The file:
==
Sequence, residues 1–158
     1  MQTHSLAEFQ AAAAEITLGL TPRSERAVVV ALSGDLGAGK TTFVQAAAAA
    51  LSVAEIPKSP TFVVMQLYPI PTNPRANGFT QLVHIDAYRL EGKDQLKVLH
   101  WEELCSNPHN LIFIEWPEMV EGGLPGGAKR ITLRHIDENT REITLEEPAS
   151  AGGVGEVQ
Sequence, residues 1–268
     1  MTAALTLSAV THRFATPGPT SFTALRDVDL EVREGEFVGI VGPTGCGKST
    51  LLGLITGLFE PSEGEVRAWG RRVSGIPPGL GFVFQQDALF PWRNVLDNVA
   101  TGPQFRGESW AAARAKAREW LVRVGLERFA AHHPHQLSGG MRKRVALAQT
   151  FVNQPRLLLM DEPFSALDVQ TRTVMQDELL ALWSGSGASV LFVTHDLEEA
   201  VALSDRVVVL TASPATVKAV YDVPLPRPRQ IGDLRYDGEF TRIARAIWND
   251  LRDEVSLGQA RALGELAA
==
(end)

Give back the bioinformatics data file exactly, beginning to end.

Sequence, residues 1–158
     1  MQTHSLAEFQ AAAAEITLGL TPRSERAVVV ALSGDLGAGK TTFVQAAAAA
    51  LSVAEIPKSP TFVVMQLYPI PTNPRANGFT QLVHIDAYRL EGKDQLKVLH
   101  WEELCSNPHN LIFIEWPEMV EGGLPGGAKR ITLRHIDENT REITLEEPAS
   151  AGGVGEVQ
Sequence, residues 1–268
     1  MTAALTLSAV THRFATPGPT SFTALRDVDL EVREGEFVGI VGPTGCGKST
    51  LLGLITGLFE PSEGEVRAWG RRVSGIPPGL GFVFQQDALF PWRNVLDNVA
   101  TGPQFRGESW AAARAKAREW LVRVGLERFA AHHPHQLSGG MRKRVALAQT
   151  FVNQPRLLLM DEPFSALDVQ TRTVMQDELL ALWSGSGASV LFVTHDLEEA
   201  VALSDRVVVL TASPATVKAV YDVPLPRPRQ IGDLRYDGEF TRIARAIWND
   251  LRDEVSLGQA RALGELAA